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EDF seeks a Fellow to work on groundbreaking analysis, policies and implementation efforts to understand and improve the air and climate impacts from oil and gas development in the intermountain west. The Fellow would work on projects in the states of Utah and New Mexico related to oil and gas methane emissions. This would include analysis of methane emissions from the Navajo Nation and the Uintah and Ouray Indian Reservation as well as work on methane issues across the state of New Mexico with a focus on job and economic development potential in the methane mitigation industry.
Methane is a significant contributor to climate change, responsible for approximately one quarter of the warming we are experiencing today and pound for pound more than 80 times more potent than carbon dioxide as a climate forcer in the short term. It is also the primary component of natural gas, making efforts to control its waste very cost effective and strong job creators.
The U.S. Bureau of Land Management, the agency charged with managing resources on federal and tribal lands, finalized a new rule last year that could, if well implemented, lead to significant reductions in methane pollution. Concurrently EPA also finalized requirements that could have significant positive impacts on the problem of methane pollution and waste nationwide. These include a nationwide new source rule and a revised National Ambient Air Quality Standard (NAAQS) for ozone (strengthened from 75 to 70 parts per billion). However, all of these measures are now subject to proposed delays, revisions or repeals blunting their ability to drive toward needed reductions.
For this project the Fellow would work with EDF’s Oil and Gas Program on a range of efforts designed to better understand issues across the state of New Mexico and specific to oil and gas development on tribal lands. These efforts would be geared toward promoting the retention of federal rules designed to reduce methane pollution as well as advocating for state and tribal developed solutions. This would include research into state and tribal air codes and authorities, compiling data on air quality, oil and gas emissions and methane mitigation jobs on New Mexico and tribal lands, and working with EDF staff to promote these efforts through meetings with tribal and other local officials.
The Fellow’s work will be focused in key theme areas including:
Waste. Current practices by operators on tribal land are resulting in the shameful waste of an important energy resource and needed state and tribal funding. Current estimates put this waste figure at upwards of $100 million from tribal lands nationally and from $150 - $200 million across New Mexico each year.
Lost Revenue for Schools, Roads and Other Needs. When operators on state and tribal lands waste gas, they are short-changing the communities and tribes that receive royalty payments from these operators. Millions of dollars that could be helping improve schools and classrooms, highways and other transportation infrastructure are lost each year to wasteful practices such as leaks and flaring.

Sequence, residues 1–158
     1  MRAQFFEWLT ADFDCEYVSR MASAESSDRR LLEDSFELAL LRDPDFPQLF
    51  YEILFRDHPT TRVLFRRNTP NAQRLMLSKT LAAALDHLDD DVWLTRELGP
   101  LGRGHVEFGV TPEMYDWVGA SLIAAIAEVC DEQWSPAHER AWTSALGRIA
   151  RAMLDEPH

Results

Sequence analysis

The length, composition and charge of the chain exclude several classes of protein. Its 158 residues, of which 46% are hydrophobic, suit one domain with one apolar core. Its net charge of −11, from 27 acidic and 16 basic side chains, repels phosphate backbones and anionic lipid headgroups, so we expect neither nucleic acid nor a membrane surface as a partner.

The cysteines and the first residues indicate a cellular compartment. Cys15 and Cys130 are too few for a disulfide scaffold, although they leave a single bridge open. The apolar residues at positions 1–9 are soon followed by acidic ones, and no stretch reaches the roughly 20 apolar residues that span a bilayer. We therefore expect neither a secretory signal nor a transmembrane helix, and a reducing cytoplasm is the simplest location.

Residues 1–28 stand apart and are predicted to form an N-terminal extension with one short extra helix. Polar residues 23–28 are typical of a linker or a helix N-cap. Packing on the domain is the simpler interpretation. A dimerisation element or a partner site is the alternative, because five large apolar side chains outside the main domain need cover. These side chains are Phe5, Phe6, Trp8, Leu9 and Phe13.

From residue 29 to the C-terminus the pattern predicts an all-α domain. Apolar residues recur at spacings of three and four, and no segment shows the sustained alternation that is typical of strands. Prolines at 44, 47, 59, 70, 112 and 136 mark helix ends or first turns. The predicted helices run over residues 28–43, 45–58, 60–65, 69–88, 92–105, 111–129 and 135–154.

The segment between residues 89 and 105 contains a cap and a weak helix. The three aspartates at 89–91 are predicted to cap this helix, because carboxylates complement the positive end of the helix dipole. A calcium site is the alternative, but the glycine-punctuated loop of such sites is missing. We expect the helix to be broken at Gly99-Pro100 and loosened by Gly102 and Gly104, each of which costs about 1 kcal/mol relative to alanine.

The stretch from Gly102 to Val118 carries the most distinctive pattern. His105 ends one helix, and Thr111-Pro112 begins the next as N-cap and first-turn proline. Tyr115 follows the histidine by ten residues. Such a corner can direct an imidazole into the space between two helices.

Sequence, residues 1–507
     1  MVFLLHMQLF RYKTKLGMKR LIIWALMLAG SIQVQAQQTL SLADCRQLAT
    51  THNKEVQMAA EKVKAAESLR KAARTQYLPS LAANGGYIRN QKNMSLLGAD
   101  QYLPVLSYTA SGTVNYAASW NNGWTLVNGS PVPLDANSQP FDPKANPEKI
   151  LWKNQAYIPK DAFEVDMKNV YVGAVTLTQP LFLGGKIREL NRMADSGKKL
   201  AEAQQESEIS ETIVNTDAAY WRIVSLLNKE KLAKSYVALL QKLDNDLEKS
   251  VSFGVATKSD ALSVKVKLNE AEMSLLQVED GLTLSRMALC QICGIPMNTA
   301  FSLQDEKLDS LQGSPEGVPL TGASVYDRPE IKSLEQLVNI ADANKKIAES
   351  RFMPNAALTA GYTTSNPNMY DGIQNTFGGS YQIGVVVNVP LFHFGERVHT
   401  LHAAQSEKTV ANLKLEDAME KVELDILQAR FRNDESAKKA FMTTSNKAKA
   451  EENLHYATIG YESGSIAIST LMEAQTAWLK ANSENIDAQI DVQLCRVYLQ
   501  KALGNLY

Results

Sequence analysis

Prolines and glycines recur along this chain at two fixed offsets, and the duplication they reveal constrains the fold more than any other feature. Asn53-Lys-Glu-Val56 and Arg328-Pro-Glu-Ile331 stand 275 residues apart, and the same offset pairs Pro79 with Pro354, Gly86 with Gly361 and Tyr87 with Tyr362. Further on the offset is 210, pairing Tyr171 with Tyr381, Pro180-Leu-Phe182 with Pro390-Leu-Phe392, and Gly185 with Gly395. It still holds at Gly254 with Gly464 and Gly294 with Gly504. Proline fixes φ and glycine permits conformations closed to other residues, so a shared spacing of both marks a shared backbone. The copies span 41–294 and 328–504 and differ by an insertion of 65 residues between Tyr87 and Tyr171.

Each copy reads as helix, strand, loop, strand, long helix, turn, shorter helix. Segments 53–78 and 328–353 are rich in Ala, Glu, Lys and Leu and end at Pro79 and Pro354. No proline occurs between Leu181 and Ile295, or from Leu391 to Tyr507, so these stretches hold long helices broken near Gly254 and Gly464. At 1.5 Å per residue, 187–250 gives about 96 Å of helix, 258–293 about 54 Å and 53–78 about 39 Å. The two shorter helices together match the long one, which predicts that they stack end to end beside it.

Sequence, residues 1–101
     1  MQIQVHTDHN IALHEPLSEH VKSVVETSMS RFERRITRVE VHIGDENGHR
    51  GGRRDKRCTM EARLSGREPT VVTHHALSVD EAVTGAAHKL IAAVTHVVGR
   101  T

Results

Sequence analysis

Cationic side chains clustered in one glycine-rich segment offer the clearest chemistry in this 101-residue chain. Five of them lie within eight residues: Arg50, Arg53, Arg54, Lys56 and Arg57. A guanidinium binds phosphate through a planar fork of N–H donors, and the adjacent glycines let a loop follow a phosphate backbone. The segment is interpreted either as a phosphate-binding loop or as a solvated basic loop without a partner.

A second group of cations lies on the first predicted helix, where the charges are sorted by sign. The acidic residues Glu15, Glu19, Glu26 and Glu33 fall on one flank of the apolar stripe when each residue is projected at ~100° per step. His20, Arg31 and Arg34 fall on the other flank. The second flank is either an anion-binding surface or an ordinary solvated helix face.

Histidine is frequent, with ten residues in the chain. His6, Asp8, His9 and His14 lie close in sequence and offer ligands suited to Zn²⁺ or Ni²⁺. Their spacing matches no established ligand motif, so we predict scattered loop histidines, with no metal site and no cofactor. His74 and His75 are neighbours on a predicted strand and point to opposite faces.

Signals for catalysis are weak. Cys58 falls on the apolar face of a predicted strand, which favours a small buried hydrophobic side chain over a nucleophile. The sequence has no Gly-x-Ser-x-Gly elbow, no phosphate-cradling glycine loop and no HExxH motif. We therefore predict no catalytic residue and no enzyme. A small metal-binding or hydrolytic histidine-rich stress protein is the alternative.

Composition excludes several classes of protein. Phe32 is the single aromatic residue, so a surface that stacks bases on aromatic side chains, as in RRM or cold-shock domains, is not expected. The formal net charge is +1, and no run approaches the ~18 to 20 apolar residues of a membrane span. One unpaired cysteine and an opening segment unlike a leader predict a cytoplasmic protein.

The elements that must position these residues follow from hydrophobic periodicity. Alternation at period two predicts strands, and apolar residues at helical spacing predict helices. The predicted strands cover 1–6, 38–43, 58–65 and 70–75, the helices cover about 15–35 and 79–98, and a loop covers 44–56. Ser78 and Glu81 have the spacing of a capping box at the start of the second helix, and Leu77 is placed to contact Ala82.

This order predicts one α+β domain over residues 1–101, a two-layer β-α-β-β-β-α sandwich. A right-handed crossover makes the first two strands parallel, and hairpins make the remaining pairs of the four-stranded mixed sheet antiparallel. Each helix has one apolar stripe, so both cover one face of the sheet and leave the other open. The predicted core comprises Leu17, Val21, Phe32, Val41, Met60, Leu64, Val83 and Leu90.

Clean Air and Public Health. Pollution from oil and gas development and production on state and tribal land is impacting the health of adjacent communities. Making such operations more efficient will reduce harmful pollution.
Compliance with Federal Ozone Standards. States and counties that will be impacted by stricter limits on ozone will benefit from rules that require operators to reduce emissions and allows them to stay ahead of the federal regulatory curve.
Climate. It is essential that we do all we can to minimize emission of short-term climate forcers such as methane, the primary component of natural gas, now to avert climate catastrophe. Eliminating leaks and wasteful practices will help the United States reduce methane emissions at a meaningful scale.
Overall goal: To develop at least one and possibly two white papers, one a job and economic development case study on the methane mitigation industry in the state of New Mexico and a second on methane emissions from Navajo Nation lands in the states of Utah, Arizona and New Mexico.
Secondary goal: To develop a blog post for EDF Energy Exchange about the fellow?s project summarizing findings for a general audience.
The Fellow would be an integral part of EDF’s U.S. Climate and Energy Team, and would support these advocacy efforts through research, written advocacy, oral advocacy, analysis of regulation/legislation, and by attending briefings and hearings on relevant issues. S/he would also communicate with local partners and contacts and produce short written documents (memos, blogs, etc.) based on the research. Strong interest/familiarity with state (especially New Mexico) energy regulation and Native American energy issues is encouraged.
Environmental Defense Fund is an equal opportunity employer where an applicant’s qualifications are considered without regard to race, color, religion, sex, national origin, age, disability, veteran status, genetic information, sexual orientation, gender identity or expression, or any other basis prohibited by law.